Religion’s fair game – but lay off the raisins

Last week, during a conversation on Twitter about the relative merits of chocolate raisins and chocolate nuts, I was unexpectedly told that I wasn't to be trusted because I believe in 'an invisible man in the sky and a Jewish zombie'.

I confess that I was a bit taken aback at how such a trivial debate had suddenly turned into a personal attack on my Christian beliefs.

I can only assume that the man behind the message was a fanatical follower of chocolate nuts and was deeply offended by the way that I spoke against this abomination of a snack.

I fear that there will soon be as much hostility between the chocolate raisin devotees and the chocolate nut loyalists as between the People's Front of Judea and the Judean People's Front (splitters) in The Life of Brian.

Technically, I might have been a victim of religiously-aggravated abuse. And my human rights must have been breached.

Perhaps I should have made some placards, gathered a crowd of fundamentalists and staged a protest outside Twitter HQ, which is probably on Tweet Street.

But, having just spent some time with some fellow Christians in India, I decided it was best to 'turn the other cheek'.

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You see, among the people I call my friends in that remarkable country are a man who has been beaten severely on three occasions for believing in Jesus and another whose wife was murdered by her family because she converted from Hinduism to Christianity.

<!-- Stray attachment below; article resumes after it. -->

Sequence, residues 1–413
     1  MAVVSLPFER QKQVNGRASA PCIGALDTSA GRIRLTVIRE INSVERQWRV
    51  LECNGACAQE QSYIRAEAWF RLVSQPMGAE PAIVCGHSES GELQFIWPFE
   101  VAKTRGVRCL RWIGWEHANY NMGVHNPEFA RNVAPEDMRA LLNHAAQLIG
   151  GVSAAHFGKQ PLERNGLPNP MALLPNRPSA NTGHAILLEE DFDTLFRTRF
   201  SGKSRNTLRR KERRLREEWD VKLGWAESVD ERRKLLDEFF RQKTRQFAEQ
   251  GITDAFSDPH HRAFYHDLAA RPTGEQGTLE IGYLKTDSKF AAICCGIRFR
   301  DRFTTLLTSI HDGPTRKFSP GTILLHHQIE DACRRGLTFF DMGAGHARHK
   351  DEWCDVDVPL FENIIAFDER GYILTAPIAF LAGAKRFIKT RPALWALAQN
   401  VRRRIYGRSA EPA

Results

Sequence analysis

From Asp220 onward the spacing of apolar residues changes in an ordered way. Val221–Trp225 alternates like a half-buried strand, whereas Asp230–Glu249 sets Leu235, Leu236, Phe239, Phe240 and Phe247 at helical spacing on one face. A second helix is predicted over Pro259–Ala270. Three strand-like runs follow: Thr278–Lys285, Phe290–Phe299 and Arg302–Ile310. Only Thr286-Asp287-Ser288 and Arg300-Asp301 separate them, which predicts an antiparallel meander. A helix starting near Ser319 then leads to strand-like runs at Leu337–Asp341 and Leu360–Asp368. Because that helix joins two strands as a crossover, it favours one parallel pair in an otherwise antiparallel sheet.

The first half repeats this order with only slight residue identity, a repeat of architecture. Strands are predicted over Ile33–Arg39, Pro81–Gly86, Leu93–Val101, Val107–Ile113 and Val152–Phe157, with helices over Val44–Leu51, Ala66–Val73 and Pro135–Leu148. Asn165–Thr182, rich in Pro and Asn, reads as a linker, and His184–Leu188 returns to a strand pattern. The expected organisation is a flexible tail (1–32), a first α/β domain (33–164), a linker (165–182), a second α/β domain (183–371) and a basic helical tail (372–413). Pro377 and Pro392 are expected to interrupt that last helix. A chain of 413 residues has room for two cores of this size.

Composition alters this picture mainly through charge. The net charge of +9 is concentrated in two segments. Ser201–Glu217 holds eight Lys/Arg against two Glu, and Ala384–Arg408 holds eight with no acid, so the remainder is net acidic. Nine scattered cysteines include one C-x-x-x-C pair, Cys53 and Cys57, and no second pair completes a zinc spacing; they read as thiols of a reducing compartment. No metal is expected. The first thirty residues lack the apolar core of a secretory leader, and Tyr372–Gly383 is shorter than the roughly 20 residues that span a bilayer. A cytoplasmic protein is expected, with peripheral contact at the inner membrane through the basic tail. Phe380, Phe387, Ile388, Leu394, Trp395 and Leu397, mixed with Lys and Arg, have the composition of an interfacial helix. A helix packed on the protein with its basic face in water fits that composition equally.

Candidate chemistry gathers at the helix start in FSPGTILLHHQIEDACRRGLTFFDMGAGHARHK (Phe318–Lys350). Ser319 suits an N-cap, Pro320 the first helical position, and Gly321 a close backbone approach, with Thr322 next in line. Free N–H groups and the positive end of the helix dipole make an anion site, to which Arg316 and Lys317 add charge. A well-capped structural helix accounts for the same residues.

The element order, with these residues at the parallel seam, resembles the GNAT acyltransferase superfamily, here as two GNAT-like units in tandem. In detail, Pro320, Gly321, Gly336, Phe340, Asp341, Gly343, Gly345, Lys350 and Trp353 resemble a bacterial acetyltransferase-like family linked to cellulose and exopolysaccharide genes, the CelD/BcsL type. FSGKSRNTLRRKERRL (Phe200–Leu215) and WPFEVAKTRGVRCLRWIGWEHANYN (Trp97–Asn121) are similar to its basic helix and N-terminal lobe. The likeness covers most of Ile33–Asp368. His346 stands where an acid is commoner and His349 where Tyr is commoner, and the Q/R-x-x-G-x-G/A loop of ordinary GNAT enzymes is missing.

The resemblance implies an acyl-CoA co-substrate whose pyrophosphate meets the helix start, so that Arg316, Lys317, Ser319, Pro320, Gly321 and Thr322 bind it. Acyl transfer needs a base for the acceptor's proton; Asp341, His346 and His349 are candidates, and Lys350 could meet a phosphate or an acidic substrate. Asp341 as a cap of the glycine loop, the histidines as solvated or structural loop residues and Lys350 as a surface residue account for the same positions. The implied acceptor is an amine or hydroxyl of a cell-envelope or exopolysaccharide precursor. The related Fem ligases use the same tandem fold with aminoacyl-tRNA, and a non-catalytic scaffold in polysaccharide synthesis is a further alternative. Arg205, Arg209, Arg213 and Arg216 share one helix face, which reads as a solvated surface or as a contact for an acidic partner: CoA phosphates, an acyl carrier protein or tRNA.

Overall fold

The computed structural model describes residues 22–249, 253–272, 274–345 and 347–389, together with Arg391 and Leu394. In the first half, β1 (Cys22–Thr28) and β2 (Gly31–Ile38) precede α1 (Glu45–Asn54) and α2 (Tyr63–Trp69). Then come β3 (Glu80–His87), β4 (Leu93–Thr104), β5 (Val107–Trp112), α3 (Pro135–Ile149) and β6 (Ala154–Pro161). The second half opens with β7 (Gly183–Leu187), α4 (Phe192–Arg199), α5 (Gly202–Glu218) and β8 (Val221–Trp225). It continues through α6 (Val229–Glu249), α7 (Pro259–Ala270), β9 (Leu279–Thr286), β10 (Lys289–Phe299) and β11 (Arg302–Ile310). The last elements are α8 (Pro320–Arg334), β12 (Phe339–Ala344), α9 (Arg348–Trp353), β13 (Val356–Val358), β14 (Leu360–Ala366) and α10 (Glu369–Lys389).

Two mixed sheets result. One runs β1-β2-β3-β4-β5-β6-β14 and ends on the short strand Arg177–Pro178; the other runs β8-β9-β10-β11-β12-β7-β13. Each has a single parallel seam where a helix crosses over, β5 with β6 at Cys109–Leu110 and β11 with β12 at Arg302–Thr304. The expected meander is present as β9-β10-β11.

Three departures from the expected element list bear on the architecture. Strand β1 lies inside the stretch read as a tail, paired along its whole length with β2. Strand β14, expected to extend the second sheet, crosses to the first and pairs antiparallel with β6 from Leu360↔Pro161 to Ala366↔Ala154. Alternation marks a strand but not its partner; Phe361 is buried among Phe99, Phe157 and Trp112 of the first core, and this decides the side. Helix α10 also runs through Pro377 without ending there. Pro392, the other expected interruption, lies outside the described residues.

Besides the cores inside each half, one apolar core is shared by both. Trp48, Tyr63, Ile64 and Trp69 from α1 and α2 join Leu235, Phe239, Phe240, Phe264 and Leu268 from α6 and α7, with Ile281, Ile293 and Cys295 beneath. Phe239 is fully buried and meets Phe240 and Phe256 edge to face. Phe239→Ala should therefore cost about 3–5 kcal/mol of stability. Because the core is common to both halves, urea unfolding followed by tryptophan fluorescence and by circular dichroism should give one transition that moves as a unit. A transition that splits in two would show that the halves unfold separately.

Remarkably, they both opted to forgive the attackers, so it'd be a bit rich of me to get my knickers in a twist about a near-the-knuckle comment on a social networking site.

Unfortunately, too many Christians do get worked up about their 'rights'.

Consider the furore about Jerry Springer: The Opera, which some Christians were so angry about that they kicked up enough fuss to ensure that everybody wanted to watch it.

Then there are the occasional employment tribunals about the 'right' to have Sundays off or to wear a crucifix. To me, such things are external decorations, and expendable add-ons to a faith that is about the inside.

Last week, BBC director-general Mark Thompson said Christianity was treated with far less sensitivity in Britain than other religions because it was 'pretty broad-shouldered'.

That has probably got millions of teeth gnashing, particularly among those who peculiarly tie Christianity up with our national identity. But I rejoice when I hear such comments.

Religions should not be exempt from satire, acerbic comment, cynicism or even outright rage. And they certainly should not be given a wide berth by the media just because there might be a reaction if a line is crossed.

If what they preach is true, they should indeed be 'broad-shouldered' enough to cope with it.

Christians should be able to roll with the punches, endure abuse and not become too perturbed. It's part of the job description drawn up by Jesus, who famously preached restraint.

When I was at school, I was an avowed atheist who used to make people's lives a misery for being Christians. Now I'm in the fold, so it's payback time.

Hopefully, I'm strong enough to let any teasing – or even anger – about my faith pass me by. Just don't have a pop at chocolate raisins.

•This article was first published on February 28, 2012.